The weakest link : a field experiment in rational decision making
We analyze the BBC TV game show “The Weakest Link”, using data from 77 episodes, covering 13,380 questions. We focus on the banking decision, where a contestant chooses to secure an amount of money for the eventual winner, or to risk it on a general knowledge question. In the latter case, should he answer correctly, the amount at stake increases exponentially. We show that banking decisions are not rational: a crude rule of thumb performs substantially better than the contestants’ strategies. Yet, at least to some extent, contestants do take into account their own ability and the fact that questions are progressively more difficult.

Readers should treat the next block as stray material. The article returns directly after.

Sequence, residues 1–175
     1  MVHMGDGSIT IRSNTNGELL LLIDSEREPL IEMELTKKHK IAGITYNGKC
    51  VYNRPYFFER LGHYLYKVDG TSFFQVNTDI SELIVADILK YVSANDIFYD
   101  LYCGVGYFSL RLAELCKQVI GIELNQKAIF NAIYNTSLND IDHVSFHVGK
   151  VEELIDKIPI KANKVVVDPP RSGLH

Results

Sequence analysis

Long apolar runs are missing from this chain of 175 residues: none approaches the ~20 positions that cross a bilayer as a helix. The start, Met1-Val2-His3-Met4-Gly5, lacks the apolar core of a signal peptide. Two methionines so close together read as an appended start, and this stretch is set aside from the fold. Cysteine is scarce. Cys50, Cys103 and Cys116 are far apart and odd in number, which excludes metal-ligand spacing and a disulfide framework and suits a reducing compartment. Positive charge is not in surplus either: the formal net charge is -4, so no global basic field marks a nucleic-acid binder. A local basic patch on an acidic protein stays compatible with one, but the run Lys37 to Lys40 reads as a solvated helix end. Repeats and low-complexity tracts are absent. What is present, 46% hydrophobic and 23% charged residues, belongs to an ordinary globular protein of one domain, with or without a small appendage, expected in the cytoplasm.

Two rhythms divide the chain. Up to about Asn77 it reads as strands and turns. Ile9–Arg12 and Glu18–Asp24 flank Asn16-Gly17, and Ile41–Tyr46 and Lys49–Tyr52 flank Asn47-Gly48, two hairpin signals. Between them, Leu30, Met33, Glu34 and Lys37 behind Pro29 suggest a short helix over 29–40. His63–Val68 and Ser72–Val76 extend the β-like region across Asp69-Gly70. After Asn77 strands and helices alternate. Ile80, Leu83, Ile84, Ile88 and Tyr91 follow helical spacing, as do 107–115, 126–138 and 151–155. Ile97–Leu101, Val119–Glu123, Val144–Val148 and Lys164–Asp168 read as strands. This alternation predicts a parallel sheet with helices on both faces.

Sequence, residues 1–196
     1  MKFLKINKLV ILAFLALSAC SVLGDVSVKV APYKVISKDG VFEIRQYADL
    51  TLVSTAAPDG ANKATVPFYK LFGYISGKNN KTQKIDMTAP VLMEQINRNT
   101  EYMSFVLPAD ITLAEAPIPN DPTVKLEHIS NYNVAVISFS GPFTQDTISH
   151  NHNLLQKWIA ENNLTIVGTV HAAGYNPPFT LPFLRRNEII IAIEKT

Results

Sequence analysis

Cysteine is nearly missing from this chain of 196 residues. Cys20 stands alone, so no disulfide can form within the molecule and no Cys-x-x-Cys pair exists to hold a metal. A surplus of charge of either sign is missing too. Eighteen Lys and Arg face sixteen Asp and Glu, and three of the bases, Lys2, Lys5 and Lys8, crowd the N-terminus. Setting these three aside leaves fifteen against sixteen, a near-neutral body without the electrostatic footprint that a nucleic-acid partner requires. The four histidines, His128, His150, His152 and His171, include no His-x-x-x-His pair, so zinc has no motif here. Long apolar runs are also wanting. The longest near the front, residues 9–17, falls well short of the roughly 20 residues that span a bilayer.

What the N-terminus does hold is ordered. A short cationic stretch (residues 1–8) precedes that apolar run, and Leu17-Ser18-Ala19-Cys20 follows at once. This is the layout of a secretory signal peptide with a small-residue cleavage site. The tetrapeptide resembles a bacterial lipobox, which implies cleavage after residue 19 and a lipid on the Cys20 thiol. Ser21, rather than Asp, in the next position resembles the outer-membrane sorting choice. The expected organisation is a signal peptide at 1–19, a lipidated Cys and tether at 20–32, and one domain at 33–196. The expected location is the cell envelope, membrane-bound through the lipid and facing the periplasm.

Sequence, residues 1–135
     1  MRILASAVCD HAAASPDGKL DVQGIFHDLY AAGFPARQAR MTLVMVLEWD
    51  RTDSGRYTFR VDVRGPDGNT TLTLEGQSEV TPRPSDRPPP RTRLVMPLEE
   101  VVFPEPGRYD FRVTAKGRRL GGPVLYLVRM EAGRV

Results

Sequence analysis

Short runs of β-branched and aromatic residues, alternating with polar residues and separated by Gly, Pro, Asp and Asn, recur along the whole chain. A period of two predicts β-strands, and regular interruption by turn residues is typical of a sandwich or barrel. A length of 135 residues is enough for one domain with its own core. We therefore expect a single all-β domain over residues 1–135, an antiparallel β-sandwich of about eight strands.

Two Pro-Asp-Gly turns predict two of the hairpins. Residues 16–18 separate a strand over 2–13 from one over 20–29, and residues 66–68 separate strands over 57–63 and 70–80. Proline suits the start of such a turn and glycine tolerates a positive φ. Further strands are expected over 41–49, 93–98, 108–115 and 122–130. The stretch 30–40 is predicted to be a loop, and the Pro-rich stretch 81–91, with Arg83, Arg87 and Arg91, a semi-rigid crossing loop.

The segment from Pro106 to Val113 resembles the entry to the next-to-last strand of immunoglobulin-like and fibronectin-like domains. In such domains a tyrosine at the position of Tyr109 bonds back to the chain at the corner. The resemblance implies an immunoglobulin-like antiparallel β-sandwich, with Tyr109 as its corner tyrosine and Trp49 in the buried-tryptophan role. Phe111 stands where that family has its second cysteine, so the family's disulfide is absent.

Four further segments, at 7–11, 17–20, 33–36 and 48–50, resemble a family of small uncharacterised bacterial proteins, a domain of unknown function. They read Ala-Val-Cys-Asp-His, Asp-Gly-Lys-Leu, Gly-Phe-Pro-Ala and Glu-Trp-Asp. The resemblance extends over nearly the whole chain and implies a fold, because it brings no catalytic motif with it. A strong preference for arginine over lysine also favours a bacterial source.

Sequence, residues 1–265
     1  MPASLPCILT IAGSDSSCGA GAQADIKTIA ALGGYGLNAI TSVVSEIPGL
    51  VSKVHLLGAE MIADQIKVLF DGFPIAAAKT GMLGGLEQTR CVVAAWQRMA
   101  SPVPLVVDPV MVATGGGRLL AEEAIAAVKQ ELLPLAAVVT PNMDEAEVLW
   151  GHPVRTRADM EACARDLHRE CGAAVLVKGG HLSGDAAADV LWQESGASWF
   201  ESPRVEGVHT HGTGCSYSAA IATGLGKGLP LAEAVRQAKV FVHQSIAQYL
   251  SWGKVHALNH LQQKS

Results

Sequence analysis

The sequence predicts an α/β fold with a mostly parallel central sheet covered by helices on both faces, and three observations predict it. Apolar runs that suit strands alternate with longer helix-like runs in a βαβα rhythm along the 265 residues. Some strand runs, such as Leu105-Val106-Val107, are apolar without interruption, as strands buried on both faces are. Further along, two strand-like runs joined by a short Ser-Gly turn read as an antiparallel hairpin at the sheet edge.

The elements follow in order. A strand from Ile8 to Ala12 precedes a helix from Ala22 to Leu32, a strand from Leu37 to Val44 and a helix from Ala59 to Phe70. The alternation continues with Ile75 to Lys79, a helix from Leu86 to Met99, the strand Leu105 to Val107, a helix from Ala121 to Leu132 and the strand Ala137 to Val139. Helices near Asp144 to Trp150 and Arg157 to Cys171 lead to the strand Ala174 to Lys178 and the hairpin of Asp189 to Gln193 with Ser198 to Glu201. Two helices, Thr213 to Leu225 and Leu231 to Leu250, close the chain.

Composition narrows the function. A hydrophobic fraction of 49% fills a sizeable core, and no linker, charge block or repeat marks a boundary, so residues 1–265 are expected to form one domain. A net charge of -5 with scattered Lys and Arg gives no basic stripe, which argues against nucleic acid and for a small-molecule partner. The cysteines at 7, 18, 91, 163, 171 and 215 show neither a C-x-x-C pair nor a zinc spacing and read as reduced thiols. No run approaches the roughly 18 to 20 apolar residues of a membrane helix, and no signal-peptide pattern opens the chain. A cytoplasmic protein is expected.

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- Marco Haan & Peter Kooreman, 2002.
"Free riding and the provision of candy bars,"
Natural Field Experiments
00264, The Field Experiments Website.
- Bennett, Randall W. & Hickman, Kent A., 1993. "Rationality and the 'price is right'," Journal of Economic Behavior & Organization, Elsevier, vol. 21(1), pages 99-105, May.
- Haan, M. & Kooreman, P., 2000. "Free riding and the provision of candy bars," Research Report 00F48, University of Groningen, Research Institute SOM (Systems, Organisations and Management).
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